The Rescue Dogs of 9/11 – only 12 are still living. See how they look today.

Look at those sweet gray muzzles! What cuties! And so very brave. These hero dogs helped search for people in the rubble following 9/11. Only 12 are still living.

Dutch photographer Charlotte Dumas traveled to nine states to photograph the remaining dogs, now in their golden years, at their homes. She has produced a book of the photographs titled “Retrieved.”

Here is the story and their photos. These are from a wonderful article we were sent that was written by Charles Mayfield. Unfortunately, even after much Google searching, we can’t find the original source. Below is the article. which includes pictures of all twelve surviving dogs.


Nearly 100 dogs worked at the trade center ten years ago; only 12 are left. THESE OLD WONDERFUL FACES SAY IT ALL… These are the surviving dogs that worked the trade center that are still alive but retired, they are heroes too.

Their eyes say everything you need to know about them. Just amazing creatures. True heroes of 9/11 still with us today.

 

Moxie, 13, from Winthrop , Massachusetts , arrived with her handler, Mark Aliberti, at the World Trade Center on the evening of September 11 and searched the site for eight days.

 

Tara, 16, from Ipswich, Massachusetts, arrived at the World Trade Center on the night of the 11th. The dog and her handler Lee Prentiss were there for eight
days.

 

Kaiser, 12, pictured at home in Indianapolis, Indiana, was deployed to the World Trade Center on September 11 and searched tirelessly for people in the rubble.

 

 

Bretagne and his owner Denise Corliss from Cypress, Texas, arrived at the site in New York on September 17, remaining there for ten days.

 

Guinness, 15, from Highland, California, started work at the sitewith Sheila McKee on the morning of September 13 and was deployed at the site for 11 days.

 

Merlyn and his handler Matt Claussen were deployed to Ground Zero on September 24, working the night shift for five days.

 

Red, 11, from Annapolis, Maryland, went with Heather Roche to the Pentagon from September 16 until the 27 as part of the Bay Area Recovery Canines.

 

 

Abigail, above, was deployed on the evening of September 17, searching for 10 days while Tuff arrived in New York at 11:00 pm onthe day of attack to start working early the next day.

 

Handler Julie Noyes and Hoke were deployed to the World Trade Center from their home in Denver on September 24 and searched for five days.

 

Scout and another unknown dog lie among the rubble at Ground Zero, just two of nearly 100 search and rescue animals who helped to search for survivors.

During the chaos of the 9/11 attacks, where almost 3,000 people died, nearly 100 loyal search and rescue dogs and their brave owners scoured Ground Zero for survivors. Now, ten years on, just 12 of these heroic canines survive, and they have been commemorated in a touching series of portraits entitled Retrieved.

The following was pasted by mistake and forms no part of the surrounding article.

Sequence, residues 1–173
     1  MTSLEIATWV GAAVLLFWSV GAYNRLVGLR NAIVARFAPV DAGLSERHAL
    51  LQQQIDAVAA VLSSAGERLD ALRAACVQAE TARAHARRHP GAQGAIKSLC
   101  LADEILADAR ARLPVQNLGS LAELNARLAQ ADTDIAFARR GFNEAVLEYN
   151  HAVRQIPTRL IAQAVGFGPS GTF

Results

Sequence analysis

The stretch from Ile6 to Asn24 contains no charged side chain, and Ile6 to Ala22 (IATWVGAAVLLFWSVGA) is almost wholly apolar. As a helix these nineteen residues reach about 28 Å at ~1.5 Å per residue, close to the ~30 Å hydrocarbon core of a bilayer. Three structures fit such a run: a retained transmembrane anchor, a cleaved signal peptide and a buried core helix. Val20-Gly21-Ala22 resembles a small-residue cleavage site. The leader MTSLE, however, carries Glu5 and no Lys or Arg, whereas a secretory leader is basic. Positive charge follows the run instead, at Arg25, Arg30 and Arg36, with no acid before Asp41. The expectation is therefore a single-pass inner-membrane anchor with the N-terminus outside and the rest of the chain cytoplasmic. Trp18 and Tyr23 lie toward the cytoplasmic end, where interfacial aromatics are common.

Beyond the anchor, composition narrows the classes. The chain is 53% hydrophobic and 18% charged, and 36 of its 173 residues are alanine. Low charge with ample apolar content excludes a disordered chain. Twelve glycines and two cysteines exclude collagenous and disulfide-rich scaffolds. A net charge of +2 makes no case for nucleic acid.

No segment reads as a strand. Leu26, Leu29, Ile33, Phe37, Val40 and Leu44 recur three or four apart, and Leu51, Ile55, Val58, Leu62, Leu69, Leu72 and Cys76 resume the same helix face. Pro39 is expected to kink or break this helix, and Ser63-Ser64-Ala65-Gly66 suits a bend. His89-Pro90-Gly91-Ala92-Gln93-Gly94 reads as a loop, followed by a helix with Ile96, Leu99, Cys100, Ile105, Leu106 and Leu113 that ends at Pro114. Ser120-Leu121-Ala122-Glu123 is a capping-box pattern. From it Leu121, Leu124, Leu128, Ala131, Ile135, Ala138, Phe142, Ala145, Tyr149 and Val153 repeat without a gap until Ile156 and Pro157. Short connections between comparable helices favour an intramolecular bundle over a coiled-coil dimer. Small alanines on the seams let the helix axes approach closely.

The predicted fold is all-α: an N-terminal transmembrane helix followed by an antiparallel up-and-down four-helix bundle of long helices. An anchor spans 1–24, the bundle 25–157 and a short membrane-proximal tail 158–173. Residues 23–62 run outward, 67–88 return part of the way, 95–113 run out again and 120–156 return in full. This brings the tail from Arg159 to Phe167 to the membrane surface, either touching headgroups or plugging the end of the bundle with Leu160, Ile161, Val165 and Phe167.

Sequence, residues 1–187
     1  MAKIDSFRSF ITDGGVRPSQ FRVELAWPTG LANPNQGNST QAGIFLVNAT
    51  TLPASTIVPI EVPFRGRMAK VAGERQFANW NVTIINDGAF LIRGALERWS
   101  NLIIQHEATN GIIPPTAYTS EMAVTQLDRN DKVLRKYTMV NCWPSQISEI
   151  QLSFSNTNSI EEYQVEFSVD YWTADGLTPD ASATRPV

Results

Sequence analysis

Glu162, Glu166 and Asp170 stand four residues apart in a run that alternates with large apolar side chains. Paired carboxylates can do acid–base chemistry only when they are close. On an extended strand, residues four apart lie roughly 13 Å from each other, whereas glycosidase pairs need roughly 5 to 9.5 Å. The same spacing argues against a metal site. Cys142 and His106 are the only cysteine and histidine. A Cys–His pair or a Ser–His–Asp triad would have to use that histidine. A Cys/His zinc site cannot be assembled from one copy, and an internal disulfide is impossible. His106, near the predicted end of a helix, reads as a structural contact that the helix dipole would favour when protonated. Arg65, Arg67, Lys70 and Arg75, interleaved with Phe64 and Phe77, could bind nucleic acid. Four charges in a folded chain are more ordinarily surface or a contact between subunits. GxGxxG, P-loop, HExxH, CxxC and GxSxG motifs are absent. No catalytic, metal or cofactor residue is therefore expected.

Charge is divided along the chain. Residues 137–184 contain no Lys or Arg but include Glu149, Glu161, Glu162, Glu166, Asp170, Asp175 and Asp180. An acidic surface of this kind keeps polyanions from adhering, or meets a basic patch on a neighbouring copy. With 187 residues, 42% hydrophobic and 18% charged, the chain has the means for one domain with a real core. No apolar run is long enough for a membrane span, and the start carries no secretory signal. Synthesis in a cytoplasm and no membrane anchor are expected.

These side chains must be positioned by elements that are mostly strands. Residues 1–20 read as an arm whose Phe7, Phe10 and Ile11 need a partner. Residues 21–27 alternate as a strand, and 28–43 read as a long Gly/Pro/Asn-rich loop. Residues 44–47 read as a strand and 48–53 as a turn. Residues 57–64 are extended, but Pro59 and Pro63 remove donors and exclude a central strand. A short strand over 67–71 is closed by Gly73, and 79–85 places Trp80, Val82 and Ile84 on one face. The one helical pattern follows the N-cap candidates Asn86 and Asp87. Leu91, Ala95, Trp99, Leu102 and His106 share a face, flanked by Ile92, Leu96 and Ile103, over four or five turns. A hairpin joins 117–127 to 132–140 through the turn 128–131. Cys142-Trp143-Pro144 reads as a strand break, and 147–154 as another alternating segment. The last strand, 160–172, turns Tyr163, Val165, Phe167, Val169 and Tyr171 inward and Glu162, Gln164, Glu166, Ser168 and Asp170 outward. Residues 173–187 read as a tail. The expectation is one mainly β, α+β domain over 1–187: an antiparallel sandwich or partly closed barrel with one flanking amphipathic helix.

The dogs worked tirelessly to search for anyone trapped alive in the rubble, along with countless emergency service workers and members of the public.

Traveling across nine states in the U.S. from Texas to Maryland, Dutch photographer Charlotte Dumas, 34, captured the remaining dogs in their twilight days in their twilight years in their homes where they still live with their handlers, a full decade on from 9/11. Their stories have now been compiled in a book, called Retrieved, which was published on the tenth anniversary of the attacks. Noted for her touching portraits of animals, especially dogs, Charlotte wanted Retrieved to marknot only the anniversary of the September 2001 attacks, but also as recognition for someof the first responders and their dogs. “I felt this was a turning point, especially for the dogs, who although are not forgotten, are not as prominent as the human stories involved, “explained Charlotte, who splits her time between New York and Amsterdam .” They speak to us as a different species, and animals are greatly important for our sense of empathy and to put things into perspective.”

Charles Mayfield

Want To Shop Cruelty-Free? There’s An App For That!

You want to shop cruelty-free but it is hard sometimes to remember which products are developed without animal testing. Well, like almost everything in this digital age, there’s an app for that.

The Coalition for Consumer Information on Cosmetics’ (CCIC) is the organization that administers the Leaping Bunny Program and Logo for companies producing cosmetic, personal care, and household products without animal testing (including the companies’ labs and suppliers).

Leapingbunny.org is the site for the Leaping Bunny program and on it you can find the latest on which companies have pledged to develop and make products that are cruelty-free.

Leaping Bunny also offers apps for iPhones and Android phones that lets you get that information while you are shopping.